Argument by Vaccine Package Inserts – they’re not infallible

vaccine package inserts

One of the cherished strategies of the antivaccine group is to quote vaccine package inserts (called a Patient Information Leaflet in EU countries and Instructions for Use in other cases) to “prove” that vaccines are dangerous. Vaccine deniers consider the package insert to be golden tablets of the Truth™. It’s ironic that these antivaccine groupies rail against Big Pharma, as if they are demon reptilians, but the package insert, written by Big Pharma, is considered gospel. Irony abounds.

Just spend more than a couple of minutes in discussion in any vaccine “debate,” and you’ll eventually get someone pointing to a section in any of the many vaccine package inserts (PI) as “proof” that it is dangerous, contains dangerous stuff, or is just plain scary. Or that it doesn’t work.

The snarky Orac has proclaimed it “Argument by Package Insert” – it’s almost at the level of logical fallacy. David Gorski has just given it the Latin name, argumentum ad package insert, so it’s now officially a logical fallacy, at least for vaccine discussions.

Before we start, vaccine package inserts are important documents, but only if the information included therein is properly understood. However, vaccine package inserts are not documents that serve as medical and scientific gospel. But it is a document that can help clinicians use vaccines (or frankly, any medication) properly. Continue reading “Argument by Vaccine Package Inserts – they’re not infallible”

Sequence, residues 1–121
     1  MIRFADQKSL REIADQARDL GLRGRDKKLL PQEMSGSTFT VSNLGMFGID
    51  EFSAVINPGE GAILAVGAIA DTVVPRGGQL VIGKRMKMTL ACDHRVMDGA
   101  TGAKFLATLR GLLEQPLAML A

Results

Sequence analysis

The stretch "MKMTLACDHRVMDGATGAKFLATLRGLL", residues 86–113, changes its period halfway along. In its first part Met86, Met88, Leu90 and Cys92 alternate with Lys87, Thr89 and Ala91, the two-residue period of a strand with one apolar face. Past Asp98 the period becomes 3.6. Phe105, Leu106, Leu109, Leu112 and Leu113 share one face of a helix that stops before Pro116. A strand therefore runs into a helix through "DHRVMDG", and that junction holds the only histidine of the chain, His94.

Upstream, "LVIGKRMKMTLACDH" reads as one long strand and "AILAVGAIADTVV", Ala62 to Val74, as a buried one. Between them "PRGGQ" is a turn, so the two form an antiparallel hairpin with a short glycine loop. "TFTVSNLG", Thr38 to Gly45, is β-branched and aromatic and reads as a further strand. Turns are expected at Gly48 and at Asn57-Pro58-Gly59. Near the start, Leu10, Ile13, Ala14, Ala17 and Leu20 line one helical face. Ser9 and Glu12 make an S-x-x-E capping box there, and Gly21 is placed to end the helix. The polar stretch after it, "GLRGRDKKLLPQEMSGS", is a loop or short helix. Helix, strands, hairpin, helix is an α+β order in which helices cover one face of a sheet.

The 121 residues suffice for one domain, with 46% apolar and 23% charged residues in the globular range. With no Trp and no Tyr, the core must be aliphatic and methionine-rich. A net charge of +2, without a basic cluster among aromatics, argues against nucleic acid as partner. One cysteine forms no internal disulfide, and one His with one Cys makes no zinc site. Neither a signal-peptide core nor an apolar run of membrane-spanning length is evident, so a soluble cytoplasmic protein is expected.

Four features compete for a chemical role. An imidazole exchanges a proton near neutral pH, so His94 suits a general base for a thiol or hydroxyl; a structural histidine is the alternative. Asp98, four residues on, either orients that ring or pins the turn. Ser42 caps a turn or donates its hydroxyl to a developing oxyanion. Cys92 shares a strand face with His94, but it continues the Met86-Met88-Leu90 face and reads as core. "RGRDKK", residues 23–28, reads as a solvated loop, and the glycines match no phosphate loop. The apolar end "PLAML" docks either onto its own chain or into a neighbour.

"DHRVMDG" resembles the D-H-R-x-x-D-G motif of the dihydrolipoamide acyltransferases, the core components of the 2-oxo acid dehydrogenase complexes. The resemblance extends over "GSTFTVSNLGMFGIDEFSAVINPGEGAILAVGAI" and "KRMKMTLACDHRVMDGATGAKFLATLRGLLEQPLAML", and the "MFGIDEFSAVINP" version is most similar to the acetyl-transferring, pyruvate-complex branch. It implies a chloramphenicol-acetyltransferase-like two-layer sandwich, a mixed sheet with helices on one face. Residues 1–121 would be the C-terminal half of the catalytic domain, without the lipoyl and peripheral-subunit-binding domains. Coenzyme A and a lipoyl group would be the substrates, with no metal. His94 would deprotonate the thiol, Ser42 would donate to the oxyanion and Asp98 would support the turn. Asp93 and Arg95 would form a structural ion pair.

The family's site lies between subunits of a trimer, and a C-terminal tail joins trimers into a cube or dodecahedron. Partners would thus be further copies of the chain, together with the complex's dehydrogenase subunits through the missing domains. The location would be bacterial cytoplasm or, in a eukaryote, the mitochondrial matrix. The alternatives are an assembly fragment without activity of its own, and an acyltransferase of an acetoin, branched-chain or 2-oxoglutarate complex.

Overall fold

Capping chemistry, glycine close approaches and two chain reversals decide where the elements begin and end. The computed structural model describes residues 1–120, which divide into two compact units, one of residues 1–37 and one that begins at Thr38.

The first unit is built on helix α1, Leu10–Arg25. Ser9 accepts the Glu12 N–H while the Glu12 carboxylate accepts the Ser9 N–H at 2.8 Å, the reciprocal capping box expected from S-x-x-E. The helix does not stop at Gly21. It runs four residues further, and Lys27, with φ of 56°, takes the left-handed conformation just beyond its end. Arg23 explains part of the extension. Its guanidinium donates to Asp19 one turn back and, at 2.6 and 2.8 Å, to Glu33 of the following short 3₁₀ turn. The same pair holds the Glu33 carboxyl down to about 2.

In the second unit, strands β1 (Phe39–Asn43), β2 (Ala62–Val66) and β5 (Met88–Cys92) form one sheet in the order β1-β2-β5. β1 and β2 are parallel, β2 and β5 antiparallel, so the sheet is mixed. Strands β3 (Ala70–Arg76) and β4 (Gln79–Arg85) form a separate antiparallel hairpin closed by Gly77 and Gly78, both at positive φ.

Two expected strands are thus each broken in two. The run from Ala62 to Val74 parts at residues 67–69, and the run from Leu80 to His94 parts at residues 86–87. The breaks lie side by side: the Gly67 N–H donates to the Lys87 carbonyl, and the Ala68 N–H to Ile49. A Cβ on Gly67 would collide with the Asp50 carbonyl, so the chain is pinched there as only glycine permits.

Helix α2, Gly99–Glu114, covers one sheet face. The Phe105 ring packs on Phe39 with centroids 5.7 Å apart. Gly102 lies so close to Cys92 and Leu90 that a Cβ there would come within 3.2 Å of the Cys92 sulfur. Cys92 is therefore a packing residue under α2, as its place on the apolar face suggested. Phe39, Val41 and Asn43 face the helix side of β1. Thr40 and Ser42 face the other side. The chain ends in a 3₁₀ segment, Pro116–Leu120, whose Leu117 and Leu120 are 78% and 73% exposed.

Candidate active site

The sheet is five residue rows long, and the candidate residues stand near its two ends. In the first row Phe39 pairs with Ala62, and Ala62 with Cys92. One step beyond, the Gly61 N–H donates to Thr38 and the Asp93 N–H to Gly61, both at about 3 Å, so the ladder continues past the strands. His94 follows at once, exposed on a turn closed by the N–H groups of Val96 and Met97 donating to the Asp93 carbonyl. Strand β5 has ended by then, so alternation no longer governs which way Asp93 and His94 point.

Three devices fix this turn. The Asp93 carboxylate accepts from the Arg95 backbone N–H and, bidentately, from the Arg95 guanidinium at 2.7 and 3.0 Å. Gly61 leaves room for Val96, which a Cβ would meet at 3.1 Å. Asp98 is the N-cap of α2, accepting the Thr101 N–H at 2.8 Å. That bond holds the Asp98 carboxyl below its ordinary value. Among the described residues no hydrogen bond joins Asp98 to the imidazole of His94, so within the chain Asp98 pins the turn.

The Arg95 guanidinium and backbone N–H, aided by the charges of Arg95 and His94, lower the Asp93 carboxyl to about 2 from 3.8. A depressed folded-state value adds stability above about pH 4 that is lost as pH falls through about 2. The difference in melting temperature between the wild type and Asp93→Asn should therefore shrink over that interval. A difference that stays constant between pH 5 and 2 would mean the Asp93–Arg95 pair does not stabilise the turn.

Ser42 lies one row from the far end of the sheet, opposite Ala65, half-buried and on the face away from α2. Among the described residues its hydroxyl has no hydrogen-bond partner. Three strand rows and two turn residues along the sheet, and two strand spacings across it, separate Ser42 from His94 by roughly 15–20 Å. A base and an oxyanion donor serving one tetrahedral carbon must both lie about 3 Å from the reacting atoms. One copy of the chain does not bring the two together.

Reports of vaccine related effects can be useful

 

©KenRockwell.com, 2007. Photographer's son actually receiving RotaTeq vaccine and giving a smile to Paul Offit for keeping him from ever getting a rotavirus infection.
©KenRockwell.com, 2007. Photographer’s son actually receiving RotaTeq vaccine and giving a smile to Paul Offit for keeping him from ever getting a rotavirus infection.

Vaccine deniers, especially in the USA, use the passive data from the Vaccine Adverse Event Reporting System (VAERS), a system where individuals can report supposed adverse events post-vaccination, to “prove” certain adverse events. The data is considered to be “passive” because the individual reports can be made online, by fax or by mail–real causal events may be underreported and hyped, imaginary issues with no causality, can be over-reported. However, without medical investigations of causality between the vaccination and the claimed adverse events that are reported to the VAERS database, the data have no real value.

Frankly, VAERS can be gamed by those with nefarious intentions. In reality, VAERS is a feel-good system for those who think that there’s a link between vaccines and something terrible, but without an active investigation, the data is just above the level of being totally meaningless. Most epidemiologists know it is valueless. Even the VAERS system itself says that the data cannot be used to ascertain the difference between coincidence and true causality.

Furthermore, there is a background rate for mortality (death) or morbidity (abnormal medical condition), across all causes, irrespective of whether an individual is vaccinated or not, and unless you understand the background rate, the vaccine “mortality” rate has no scientific meaning. In fact, we could provide data that shows anything might cause any adverse medical event, like playing video games leads to prostate cancer, but we would have no evidence of any type of causality whatsoever. Continue reading “Reports of vaccine related effects can be useful”